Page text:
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        An ambassador and trained facilitator under Eco Femme (a social enterprise working towards menstrual health in south India), Sanjina is also an active member of the MHM Collective- India and Menstrual Health Alliance- India. She has conducted Menstrual Health sessions in multiple government schools adopted by Rotary District 3240 as part of their WinS project in rural Bengal. She has also delivered training of trainers on SRHR, gender, sexuality and Menstruation for Tomorrow’s Foundation, Vikramshila Education Resource Society, Nirdhan trust and Micro Finance, Tollygunj Women In Need, Paint It Red in Kolkata.

        Now as an MH Fellow with YKA, she’s expanding her impressive scope of work further by launching a campaign to facilitate the process of ensuring better menstrual health and SRH services for women residing in correctional homes in West Bengal. The campaign will entail an independent study to take stalk of the present conditions of MHM in correctional homes across the state and use its findings to build public support and political will to take the necessary action.

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        Harshita is a psychologist and works to support people with mental health issues, particularly adolescents who are survivors of violence. Associated with the Azadi Foundation in UP, Harshita became an MHM Fellow with YKA, with the aim of promoting better menstrual health.

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        MH Fellow Sabna comes with significant experience working with a range of development issues. A co-founder of Project Sakhi Saheli, which aims to combat period poverty and break menstrual taboos, Sabna has, in the past, worked on the issue of menstruation in urban slums of Delhi with women and adolescent girls. She and her team also released MenstraBook, with menstrastories and organised Menstra Tlk in the Delhi School of Social Work to create more conversations on menstruation.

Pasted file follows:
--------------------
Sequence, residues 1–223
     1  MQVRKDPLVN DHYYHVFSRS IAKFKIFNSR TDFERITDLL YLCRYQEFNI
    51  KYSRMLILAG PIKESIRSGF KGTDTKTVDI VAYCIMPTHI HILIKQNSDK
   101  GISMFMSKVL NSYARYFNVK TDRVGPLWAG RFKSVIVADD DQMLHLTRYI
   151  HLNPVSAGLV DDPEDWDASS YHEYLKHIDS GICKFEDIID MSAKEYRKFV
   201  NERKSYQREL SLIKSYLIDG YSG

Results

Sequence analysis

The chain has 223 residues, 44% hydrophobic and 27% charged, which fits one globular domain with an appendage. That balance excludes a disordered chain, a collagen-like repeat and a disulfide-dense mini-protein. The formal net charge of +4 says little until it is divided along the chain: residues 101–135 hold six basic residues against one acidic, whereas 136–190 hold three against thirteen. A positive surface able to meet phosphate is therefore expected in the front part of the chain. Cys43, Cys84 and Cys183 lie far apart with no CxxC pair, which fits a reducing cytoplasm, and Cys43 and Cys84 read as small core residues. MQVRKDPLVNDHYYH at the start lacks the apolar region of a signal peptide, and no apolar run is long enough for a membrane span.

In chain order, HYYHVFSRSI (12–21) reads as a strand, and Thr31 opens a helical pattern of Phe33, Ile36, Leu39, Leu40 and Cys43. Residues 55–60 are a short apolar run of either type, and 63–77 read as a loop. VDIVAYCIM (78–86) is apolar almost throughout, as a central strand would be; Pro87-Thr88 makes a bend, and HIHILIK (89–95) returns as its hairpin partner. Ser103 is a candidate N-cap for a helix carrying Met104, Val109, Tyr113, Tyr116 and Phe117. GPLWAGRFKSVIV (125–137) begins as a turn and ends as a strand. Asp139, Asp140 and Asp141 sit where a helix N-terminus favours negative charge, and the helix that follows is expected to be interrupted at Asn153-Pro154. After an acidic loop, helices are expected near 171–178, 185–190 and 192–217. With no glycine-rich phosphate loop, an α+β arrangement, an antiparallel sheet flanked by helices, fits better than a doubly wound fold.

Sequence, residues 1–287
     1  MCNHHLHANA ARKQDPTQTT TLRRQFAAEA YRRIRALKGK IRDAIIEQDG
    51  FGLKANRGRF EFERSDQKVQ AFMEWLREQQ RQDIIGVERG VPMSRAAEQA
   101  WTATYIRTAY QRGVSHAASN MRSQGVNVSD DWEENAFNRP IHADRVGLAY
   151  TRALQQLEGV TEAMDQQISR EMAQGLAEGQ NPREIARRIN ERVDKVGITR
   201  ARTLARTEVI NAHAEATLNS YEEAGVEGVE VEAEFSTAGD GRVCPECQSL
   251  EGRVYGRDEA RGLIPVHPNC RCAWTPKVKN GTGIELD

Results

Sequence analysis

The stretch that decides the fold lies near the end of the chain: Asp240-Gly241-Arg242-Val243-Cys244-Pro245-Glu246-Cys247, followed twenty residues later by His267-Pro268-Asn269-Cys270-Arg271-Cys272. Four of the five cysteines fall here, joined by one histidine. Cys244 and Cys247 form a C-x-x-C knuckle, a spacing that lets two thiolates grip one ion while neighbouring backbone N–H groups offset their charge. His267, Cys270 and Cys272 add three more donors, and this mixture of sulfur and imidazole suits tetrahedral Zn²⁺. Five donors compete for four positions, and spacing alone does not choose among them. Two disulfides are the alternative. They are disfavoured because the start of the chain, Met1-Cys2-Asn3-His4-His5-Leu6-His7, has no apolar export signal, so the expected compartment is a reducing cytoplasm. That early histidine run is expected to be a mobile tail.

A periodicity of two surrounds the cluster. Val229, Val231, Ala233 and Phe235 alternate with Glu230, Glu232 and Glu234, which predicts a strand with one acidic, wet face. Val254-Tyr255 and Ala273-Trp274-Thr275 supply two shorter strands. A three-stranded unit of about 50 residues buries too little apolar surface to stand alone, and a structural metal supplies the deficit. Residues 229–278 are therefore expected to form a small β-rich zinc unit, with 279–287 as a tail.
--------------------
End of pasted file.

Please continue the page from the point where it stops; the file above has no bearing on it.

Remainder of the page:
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        A Computer Science engineer by education, Nitisha started her career in the corporate sector, before realising she wanted to work in the development and social justice space. Since then, she has worked with Teach For India and Care India and is from the founding batch of Indian School of Development Management (ISDM), a one of its kind organisation creating leaders for the development sector through its experiential learning post graduate program.

        As a Youth Ki Awaaz Menstrual Health Fellow, Nitisha has started Let’s Talk Period, a campaign to mobilise young people to switch to sustainable period products. She says, “80 lakh women in Delhi use non-biodegradable sanitary products, generate 3000 tonnes of menstrual waste, that takes 500-800 years to decompose; which in turn contributes to the health issues of all menstruators, increased burden of waste management on the city and harmful living environment for all citizens.

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        Find out more about her campaign here.

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        A former Assistant Secretary with the Ministry of Women and Child Development in West Bengal for three months, Lakshmi Bhavya has been championing the cause of menstrual hygiene in her district. By associating herself with the Lalana Campaign, a holistic menstrual hygiene awareness campaign which is conducted by the Anahat NGO, Lakshmi has been slowly breaking taboos when it comes to periods and menstrual hygiene.

        A Gender Rights Activist working with the tribal and marginalized communities in india, Srilekha is a PhD scholar working on understanding body and sexuality among tribal girls, to fill the gaps in research around indigenous women and their stories. Srilekha has worked extensively at the grassroots level with community based organisations, through several advocacy initiatives around Gender, Mental Health, Menstrual Hygiene and Sexual and Reproductive Health Rights (SRHR) for the indigenous in Jharkhand, over the last 6 years.

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        A Guwahati-based college student pursuing her Masters in Tata Institute of Social Sciences, Bidisha started the #BleedwithDignity campaign on the technology platform Change.org, demanding that the Government of Assam install